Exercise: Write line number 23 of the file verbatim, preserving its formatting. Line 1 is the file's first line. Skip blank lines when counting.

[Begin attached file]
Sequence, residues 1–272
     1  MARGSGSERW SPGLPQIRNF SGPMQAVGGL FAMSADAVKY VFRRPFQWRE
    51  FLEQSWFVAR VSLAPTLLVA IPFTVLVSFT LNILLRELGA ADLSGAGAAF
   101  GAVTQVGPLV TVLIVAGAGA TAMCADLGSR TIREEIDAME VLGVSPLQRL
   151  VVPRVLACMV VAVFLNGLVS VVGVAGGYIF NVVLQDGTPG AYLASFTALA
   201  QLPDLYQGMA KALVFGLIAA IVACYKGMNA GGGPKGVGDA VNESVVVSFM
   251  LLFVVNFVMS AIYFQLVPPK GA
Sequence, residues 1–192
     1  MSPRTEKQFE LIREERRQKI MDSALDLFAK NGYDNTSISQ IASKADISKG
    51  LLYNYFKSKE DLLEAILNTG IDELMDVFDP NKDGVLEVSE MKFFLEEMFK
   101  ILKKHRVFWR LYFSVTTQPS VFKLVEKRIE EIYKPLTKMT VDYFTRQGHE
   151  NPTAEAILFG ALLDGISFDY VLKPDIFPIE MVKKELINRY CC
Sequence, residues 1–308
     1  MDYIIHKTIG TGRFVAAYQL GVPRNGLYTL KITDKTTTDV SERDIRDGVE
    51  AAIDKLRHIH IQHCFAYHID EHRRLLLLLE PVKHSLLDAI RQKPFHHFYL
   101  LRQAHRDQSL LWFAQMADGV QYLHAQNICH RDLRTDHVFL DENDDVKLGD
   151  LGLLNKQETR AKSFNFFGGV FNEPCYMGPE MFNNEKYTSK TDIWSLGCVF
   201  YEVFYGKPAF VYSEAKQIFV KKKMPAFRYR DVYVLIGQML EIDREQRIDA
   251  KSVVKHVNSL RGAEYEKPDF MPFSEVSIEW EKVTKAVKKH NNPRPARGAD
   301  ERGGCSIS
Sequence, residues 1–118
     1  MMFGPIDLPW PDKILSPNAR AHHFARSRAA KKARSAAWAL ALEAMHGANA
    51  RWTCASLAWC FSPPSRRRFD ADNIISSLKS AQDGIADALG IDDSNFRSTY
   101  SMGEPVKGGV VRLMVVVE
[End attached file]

    51  RWTCASLAWC FSPPSRRRFD ADNIISSLKS AQDGIADALG IDDSNFRSTY